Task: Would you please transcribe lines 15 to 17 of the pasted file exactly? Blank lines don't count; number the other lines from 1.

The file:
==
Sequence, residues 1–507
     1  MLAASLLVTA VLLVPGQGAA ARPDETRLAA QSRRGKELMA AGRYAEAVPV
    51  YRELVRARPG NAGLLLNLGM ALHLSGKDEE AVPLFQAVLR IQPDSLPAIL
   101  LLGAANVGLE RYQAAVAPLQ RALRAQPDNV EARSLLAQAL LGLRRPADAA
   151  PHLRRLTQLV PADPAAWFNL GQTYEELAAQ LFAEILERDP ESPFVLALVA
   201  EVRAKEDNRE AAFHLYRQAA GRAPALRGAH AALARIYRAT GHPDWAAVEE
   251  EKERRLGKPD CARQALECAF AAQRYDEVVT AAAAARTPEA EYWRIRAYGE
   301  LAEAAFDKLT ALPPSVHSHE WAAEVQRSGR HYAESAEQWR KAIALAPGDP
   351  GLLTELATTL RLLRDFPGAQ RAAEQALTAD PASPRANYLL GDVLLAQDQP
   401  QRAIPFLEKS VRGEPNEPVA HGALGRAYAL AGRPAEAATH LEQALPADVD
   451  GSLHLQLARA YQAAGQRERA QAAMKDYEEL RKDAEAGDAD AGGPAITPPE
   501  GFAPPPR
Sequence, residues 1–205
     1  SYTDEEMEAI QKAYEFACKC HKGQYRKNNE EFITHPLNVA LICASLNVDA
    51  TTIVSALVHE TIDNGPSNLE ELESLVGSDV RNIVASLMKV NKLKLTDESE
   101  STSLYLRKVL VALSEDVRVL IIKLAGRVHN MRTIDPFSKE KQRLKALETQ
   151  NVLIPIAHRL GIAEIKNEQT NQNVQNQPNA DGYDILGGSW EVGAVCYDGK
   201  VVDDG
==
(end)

    51  TTIVSALVHE TIDNGPSNLE ELESLVGSDV RNIVASLMKV NKLKLTDESE
   101  STSLYLRKVL VALSEDVRVL IIKLAGRVHN MRTIDPFSKE KQRLKALETQ
   151  NVLIPIAHRL GIAEIKNEQT NQNVQNQPNA DGYDILGGSW EVGAVCYDGK